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April 2020

The world's best-selling astronomy magazine offers you the most exciting, visually stunning, and timely coverage of the heavens above. Each monthly issue includes expert science reporting, vivid color photography, complete sky coverage, spot-on observing tips, informative telescope reviews, and much more! All this in a user-friendly style that's perfect for astronomers at any level.

United States
Kalmbach Publishing Co. - Magazines
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12 Ausgaben

In dieser ausgabe

2 Min.
carl sagan and finding our way home

In my youth, I had the pleasure of starting and publishing a small magazine about observing galaxies and nebulae. Called Deep Sky Monthly, it was initially produced on my dad’s chemistry office mimeograph machine, and spread in popularity due to the growth of larger scopes and amateur astronomers’ knowledge of targets they could see from their backyards. This enterprise led me to contact many people in the astronomy field, and among them was Cornell University professor Carl Sagan. This was before Cosmos, when Carl was a feature on the Johnny Carson show, but hadn’t yet broken through to superstardom. Carl sent me letters of advice on my career, and much to my delight, when Cosmos premiered, dispatched an inscribed copy of the Cosmos book, to “Dave Eicher, Friend of the Cosmos.” Now…

1 Min.

Editor David J. Eicher Design Director LuAnn Williams Belter EDITORIAL Senior Editor Richard Talcott Production Editor Elisa R. Neckar Senior Associate Editor Alison Klesman Associate Editor Jake Parks Copy Editor McLean Bennett Editorial Assistant Hailey McLaughlin ART Contributing Design Director Elizabeth Weber Illustrator Roen Kelly Production Specialist Jodi Jeranek CONTRIBUTING EDITORS Michael E. Bakich, Bob Berman, Adam Block, Glenn F. Chaple Jr., Martin George, Tony Hallas, Phil Harrington, Korey Haynes, Jeff Hester, Alister Ling, Stephen James O’Meara, Martin Ratcliffe, Raymond Shubinski SCIENCE GROUP Executive Editor Becky Lang Design Director Dan Bishop EDITORIAL ADVISORY BOARD Buzz Aldrin, Marcia Bartusiak, Jim Bell, Timothy Ferris, Alex Filippenko, Adam Frank, John S. Gallagher lll, Daniel W. E. Green, William K. Hartmann, Paul Hodge, Edward Kolb, Stephen P. Maran, Brian May, S. Alan Stern, James Trefil Kalmbach Media Chief Executive Officer Dan Hickey Senior Vice President, Finance Christine Metcalf Senior Vice President, Consumer Marketing Nicole McGuire Vice President, Content…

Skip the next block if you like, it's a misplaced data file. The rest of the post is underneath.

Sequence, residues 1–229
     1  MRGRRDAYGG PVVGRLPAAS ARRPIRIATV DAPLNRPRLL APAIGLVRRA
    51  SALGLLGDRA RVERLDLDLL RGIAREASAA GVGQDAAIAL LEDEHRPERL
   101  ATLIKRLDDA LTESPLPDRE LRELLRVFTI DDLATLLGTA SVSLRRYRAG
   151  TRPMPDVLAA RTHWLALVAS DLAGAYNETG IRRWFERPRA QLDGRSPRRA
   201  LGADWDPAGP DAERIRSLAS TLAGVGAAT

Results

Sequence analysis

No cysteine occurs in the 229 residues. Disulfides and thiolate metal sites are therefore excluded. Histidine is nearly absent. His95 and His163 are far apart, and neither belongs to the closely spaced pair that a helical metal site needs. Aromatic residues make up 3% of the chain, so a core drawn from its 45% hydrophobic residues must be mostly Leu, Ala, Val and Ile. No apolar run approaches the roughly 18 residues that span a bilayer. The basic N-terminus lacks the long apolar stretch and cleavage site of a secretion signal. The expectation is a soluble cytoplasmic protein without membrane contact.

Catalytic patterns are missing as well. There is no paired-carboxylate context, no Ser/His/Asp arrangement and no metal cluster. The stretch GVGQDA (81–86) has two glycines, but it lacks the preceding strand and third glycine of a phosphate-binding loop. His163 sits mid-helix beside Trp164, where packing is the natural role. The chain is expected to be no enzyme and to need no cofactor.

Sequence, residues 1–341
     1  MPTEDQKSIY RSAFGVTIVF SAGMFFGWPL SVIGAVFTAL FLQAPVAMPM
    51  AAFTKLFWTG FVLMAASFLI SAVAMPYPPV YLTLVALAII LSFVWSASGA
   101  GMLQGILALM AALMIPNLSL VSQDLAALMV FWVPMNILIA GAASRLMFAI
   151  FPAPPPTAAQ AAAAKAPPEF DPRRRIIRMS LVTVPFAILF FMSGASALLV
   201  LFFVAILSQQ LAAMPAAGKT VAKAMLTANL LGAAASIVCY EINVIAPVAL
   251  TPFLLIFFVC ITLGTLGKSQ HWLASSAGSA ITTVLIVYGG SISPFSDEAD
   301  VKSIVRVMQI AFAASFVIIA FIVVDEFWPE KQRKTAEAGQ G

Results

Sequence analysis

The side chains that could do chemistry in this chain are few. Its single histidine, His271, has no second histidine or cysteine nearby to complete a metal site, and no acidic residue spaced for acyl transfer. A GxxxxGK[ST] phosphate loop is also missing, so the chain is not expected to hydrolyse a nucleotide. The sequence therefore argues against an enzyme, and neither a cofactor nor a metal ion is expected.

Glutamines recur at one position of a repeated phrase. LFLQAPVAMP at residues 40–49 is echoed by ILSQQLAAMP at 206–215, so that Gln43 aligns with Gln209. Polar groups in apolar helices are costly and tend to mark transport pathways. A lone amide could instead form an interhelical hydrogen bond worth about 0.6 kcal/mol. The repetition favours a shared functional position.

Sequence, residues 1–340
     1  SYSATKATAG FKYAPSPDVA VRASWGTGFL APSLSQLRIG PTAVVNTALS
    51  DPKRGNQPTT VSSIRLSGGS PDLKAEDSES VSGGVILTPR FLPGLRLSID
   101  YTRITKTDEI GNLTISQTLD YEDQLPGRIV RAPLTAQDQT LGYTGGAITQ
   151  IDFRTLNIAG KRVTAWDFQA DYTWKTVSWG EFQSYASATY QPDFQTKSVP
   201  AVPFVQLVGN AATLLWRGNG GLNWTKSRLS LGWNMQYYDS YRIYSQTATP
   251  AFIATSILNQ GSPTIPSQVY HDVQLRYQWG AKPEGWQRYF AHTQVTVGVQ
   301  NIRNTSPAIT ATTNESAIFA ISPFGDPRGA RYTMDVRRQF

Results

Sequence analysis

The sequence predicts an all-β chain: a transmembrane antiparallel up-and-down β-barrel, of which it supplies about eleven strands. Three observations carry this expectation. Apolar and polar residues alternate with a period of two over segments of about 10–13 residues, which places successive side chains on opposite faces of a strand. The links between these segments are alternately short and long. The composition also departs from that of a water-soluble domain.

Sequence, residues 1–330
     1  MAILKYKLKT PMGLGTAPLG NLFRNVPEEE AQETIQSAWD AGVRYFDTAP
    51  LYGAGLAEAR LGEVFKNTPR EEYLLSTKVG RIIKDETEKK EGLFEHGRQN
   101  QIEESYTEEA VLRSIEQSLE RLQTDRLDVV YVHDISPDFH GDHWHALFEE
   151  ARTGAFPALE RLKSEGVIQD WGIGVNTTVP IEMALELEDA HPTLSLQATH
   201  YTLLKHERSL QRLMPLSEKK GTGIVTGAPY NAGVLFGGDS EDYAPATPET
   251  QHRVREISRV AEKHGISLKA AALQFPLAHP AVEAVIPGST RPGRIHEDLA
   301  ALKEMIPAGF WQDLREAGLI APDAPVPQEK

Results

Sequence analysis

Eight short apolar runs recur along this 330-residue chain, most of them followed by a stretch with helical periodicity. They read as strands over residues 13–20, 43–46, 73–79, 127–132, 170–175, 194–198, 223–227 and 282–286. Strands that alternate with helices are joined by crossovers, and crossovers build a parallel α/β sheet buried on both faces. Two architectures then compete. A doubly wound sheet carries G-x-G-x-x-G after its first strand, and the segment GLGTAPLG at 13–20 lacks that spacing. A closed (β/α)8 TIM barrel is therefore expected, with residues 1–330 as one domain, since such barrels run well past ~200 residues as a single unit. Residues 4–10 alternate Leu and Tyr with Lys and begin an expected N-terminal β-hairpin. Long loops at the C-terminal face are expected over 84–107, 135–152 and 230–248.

2 Min.
astro letters

We welcome your comments at Astronomy Letters, P.O. Box 1612, Waukesha, WI 53187; or email to letters@astronomy.com. Please include your name, city, state, and country. Letters may be edited for space and clarity. Constellation hunting I love reading your articles on different space-related topics, particularly Quantum Gravity and the Star Dome maps. This summer I spent some nights using those maps to identify new constellations and it was a lot of fun! Thank you for researching, writing, and putting so much effort into your work! I look forward to coming issues. —Caroline Tuccinardi, Toronto, Ontario The lunar landing live I remember clearly the Apollo 11 Moon landing. My wife and I were a young couple, recently married, and didn’t have a TV. Our first child was on the way. On that beautiful July evening, we…

1 Min.
a galactic collision

Each time astronomers image merging galaxies, they’re capturing a single moment in a process that can last hundreds of millions to billions of years. NGC 5394 and NGC 5395, featured in this new photo from the Gemini Observatory’s telescope in Hawaii, have already collided at least once. The pair is located about 160 million light-years away and is also known collectively as Arp 84 or the Heron Galaxy. (The larger galaxy forms the bird’s body, while the smaller galaxy is its head and beak.) Because the galaxies’ stars are so far apart, smash-ups between individual suns are unlikely. Instead, turbulence caused by the initial pass has triggered gas in the two galaxies to collapse, resulting in numerous regions of star formation, visible here as pinkish-red clumps. Over time, gravity will twist…

2 Min.
more galaxies found to be missing dark matter

Astronomers have uncovered 19 small galaxies that appear to be deficient in dark matter. The new finding, published November 26 in Nature Astronomy, bolsters a recent, controversial discovery of two other galaxies apparently devoid of the mysterious substance. Dark matter, which accounts for some 85 percent of the matter in the universe, is thought to be the primary component of all galaxies — as well as the main driver of galaxy formation in the first place. So, finding so many galaxies apparently lacking the exotic matter indicates that astronomers might be missing something major about how some galaxies form and evolve. “This result is very hard to explain using the standard galaxy formation model,” said lead author Qi Guo of the Chinese Academy of Sciences in a press release, “and thus encourages…

2 Min.
how enceladus earned its stripes

Saturn’s icy moon Enceladus sports a series of parallel, evenly spaced stripes at its south pole, which researchers have dubbed “tiger stripes.” Scientists believe these stripes are long fissures in the icy shell that covers the moon’s subsurface liquid-water ocean. But astronomers still aren’t sure how these fissures formed, why they’re so evenly spaced, or why other icy worlds don’t have them. Now, a team of researchers has proposed an explanation that could answer all the major questions about Enceladus’ stripes. In the past, scientists proposed that a single long fissure could have formed as more ice built up on the moon’s shell, putting the liquid ocean below under more pressure, which forced the shell to crack. The ice shell of Enceladus is thinnest at its poles, which makes them a reasonable…